I was casting in the Manasquan surf to no avail this morning when I spotted schools of bunker splashing a couple of hundred yards offshore. Boats didn’t stay in those schools for long, but Capt. Dave Riback of the Queen Mary from Point Pleasant said he managed to get a few stripers from them.

The Golden Eagle from Belmar saw stripers on the surface and caught some, but they were hard to fool. That boat is now sailing early at 6 a.m. on Tuesdays and Thursdays to get a better shot at those bass.

The Paramount from Brielle is taking reservations for a  50-70-mile sea bass wreck trip on Saturday, Nov. 9. Call 732 528-5014 for details.

Jerry Lasko and Maren Toleno  each caught a school striper just before daylight turned them off in the northern Ocean County surf. The afternoon southwest blow killed that bite.

Tuesday’s forecast is for southwest winds at 10-15 knots with gusts to 20 and a chance of rain..

Big stripers turn back on in ocean

Bob Matthews at Fisherman’s Den in Belmar Marina passed along the good news that big stripers are biting again in the ocean. He said the Big Mohawk from Belmar had 10 stripers aboard today up to a trophy 54 1/2-pounder hooked by Nick Commisso of Riverside on a Tsunami Shad.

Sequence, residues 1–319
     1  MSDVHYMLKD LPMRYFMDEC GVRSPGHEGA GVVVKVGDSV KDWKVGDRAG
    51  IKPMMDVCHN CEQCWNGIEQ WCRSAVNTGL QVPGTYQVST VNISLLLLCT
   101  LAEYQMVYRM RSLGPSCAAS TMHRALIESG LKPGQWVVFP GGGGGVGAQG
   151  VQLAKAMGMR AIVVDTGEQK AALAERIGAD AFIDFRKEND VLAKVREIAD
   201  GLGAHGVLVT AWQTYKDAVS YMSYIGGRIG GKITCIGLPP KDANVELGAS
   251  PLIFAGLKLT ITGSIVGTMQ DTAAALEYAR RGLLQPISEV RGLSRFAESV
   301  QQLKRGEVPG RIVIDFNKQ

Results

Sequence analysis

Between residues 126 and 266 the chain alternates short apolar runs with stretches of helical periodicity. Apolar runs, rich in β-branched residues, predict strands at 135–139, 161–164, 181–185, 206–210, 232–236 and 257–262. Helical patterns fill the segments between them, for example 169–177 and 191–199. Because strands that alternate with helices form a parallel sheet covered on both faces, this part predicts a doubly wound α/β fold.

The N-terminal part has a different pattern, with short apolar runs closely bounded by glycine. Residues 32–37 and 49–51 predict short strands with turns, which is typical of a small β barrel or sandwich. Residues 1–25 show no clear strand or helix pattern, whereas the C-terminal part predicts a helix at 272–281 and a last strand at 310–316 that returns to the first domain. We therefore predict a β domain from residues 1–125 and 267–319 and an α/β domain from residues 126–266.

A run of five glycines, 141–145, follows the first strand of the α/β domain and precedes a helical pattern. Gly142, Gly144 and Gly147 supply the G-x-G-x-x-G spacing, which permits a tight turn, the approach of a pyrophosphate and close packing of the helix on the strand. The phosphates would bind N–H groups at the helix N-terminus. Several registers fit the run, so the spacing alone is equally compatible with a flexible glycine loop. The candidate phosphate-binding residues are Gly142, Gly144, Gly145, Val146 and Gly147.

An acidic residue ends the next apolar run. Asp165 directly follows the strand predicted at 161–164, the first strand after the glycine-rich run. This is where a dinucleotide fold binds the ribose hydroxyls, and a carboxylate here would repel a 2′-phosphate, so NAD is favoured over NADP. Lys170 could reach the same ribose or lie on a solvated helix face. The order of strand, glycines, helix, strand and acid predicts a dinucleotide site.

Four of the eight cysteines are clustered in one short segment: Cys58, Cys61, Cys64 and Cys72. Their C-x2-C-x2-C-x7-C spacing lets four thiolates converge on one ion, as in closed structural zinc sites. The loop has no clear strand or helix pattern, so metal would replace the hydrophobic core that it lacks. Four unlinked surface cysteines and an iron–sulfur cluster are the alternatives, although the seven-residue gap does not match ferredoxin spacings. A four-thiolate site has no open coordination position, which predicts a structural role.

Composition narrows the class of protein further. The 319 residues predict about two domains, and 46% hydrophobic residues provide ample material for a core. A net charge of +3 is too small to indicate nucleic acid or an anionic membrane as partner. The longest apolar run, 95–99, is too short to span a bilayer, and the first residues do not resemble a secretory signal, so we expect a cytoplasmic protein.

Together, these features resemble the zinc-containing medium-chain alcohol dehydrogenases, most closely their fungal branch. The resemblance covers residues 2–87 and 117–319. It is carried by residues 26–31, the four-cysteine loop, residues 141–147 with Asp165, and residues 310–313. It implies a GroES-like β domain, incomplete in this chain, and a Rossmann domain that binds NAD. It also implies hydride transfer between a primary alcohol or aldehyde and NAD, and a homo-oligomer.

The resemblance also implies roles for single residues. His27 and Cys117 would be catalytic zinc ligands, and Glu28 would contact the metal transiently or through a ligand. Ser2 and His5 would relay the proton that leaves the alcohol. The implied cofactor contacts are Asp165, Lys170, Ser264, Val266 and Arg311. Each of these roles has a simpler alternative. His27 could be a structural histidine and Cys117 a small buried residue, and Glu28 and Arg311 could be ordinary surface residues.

Capt. Rob Semkewyc of the Sea Hunter from Atlantic Highlands said there was some improvement in his striper fishing today. He expects better tomorrow without all the boat traffic.

Mark Roy said it was very quiet today in Raritan Bay as he didn’t get any hits on his Release Me from Raritan Marina while trolling mo-jos, but managed a short bass casting under birds late in the afternoon.

Jerry Lasko and Maren Toleno got into some large short bass that were swirling in the evening along the northern Ocean County surf. Those fish hadn’t been there in the morning.